The federal concept has frequently been proposed as a possible solution for many of the dilemmas facing many Arab countries. It was proposed, for example, by the General National Congress in Yemen and it has been aired on a number of occasions during attempts to solve the Syrian and Libyan crises. On the whole, however, the federal concept is not regarded fondly in the Arab world where it is generally seen as the prelude to secession and to the fragmentation of the Arab state. Indeed, the Sudanese experience with the federal solution was very sad. Not only did it end with the secession of the south, immediately afterwards Darfur rose up against the central government while South Sudan was plunged into civil war on the basis of tribal and regional divisions. The result of this solution when applied in Iraq was also sad and now the Shia, Sunni and Kurdish regions there also seem like preludes to separate states.

“Federalism” is a composite system of government that provides for two types of authority. One embodies the collective will of all stakeholders in the state, the other expresses the will of the components whether they are called regions or even “states” in the metaphorical sense. While powers and jurisdictions are divided between the higher federal authority and the regional or local authorities, sovereignty cannot be divided, for to do so would mean actual secession. US president Abraham Lincoln underscored the principle of the indivisibility of sovereignty when the southern states attempted to secede in 1860.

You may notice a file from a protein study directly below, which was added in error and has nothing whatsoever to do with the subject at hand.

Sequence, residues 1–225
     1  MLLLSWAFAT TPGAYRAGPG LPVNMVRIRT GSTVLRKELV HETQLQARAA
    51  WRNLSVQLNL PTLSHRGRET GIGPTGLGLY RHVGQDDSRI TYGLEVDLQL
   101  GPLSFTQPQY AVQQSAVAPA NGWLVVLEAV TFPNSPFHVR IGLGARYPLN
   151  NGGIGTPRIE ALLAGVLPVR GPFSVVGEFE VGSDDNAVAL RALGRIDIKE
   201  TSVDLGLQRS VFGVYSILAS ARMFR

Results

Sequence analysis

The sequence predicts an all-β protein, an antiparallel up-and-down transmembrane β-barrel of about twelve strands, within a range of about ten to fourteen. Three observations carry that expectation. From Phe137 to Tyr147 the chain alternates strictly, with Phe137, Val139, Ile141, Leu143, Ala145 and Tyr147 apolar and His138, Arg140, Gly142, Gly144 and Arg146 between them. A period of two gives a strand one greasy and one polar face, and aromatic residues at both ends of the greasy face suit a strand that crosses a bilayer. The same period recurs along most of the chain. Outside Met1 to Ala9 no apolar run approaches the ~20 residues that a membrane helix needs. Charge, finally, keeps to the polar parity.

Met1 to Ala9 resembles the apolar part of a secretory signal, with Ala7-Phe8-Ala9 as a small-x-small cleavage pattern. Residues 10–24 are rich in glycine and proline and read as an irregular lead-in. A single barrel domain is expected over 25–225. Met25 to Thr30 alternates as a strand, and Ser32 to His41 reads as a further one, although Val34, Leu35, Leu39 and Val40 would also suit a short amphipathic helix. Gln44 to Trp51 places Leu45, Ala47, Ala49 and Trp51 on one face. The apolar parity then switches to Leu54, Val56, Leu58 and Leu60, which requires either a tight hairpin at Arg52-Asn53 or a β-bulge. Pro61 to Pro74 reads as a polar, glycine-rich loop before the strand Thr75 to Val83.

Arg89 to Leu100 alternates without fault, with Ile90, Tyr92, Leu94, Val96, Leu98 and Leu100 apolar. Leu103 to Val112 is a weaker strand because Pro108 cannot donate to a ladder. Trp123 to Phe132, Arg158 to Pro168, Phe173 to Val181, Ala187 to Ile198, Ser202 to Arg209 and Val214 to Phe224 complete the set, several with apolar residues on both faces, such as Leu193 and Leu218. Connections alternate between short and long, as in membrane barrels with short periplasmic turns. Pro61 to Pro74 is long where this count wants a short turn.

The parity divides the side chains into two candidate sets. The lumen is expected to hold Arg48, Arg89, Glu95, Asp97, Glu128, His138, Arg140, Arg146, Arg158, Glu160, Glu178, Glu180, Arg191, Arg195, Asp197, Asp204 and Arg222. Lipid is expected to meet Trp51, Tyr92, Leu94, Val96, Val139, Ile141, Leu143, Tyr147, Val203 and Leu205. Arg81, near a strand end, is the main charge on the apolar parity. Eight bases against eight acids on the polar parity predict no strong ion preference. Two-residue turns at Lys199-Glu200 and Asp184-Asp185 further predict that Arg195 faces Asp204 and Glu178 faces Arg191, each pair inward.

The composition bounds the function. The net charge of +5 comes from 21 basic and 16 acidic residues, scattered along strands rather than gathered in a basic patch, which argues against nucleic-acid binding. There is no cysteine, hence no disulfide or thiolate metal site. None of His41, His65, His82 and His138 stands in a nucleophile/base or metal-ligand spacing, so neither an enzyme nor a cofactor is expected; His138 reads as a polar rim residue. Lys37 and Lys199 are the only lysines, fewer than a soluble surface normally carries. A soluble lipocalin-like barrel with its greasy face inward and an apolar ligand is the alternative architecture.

In fact, this type of multi-tiered system is very common in the world. It is most prevalent among the larger countries in today’s world, such as the US, India, Russia, Germany, Italy, Malaysia, Brazil, Nigeria, Australia and Canada.

But it is equally true that federalism as a system of government cannot succeed unless certain conditions are met. It can succeed if the reasons for creating it are not limited to an attempt to solve civil strife and warfare between communities belonging to adjacent geographical regions. There also have to exist some common interests, foremost among which are the need for protection and a collective defence capacity against potential or existing threats from larger countries with a history of expansionism. But if shared security needs always head the list of conditions, a common economic market for goods, products and human resources, as well as a common currency, are also unifying instruments and are capable of promoting growth and expansion of the realm of common interests among different components in the same state. Alexander Hamilton earned his place in US history not just because he was one of the US’s main founding fathers but also because of his “Federalist Papers” in which he advocated the need to establish a national bank that would have the sole power to mint currency and regulate certain fiscal transactions. Ultimately, a federal system is only as good or bad as the conditions and components on which it is founded. Therefore, just as a federal system might act as a prelude to the disintegration of a state, so too can it serve as a means to increase the unity of a state and, indeed, to safeguard the unity and integrity of a state from the designs of more single-minded and belligerent outside powers.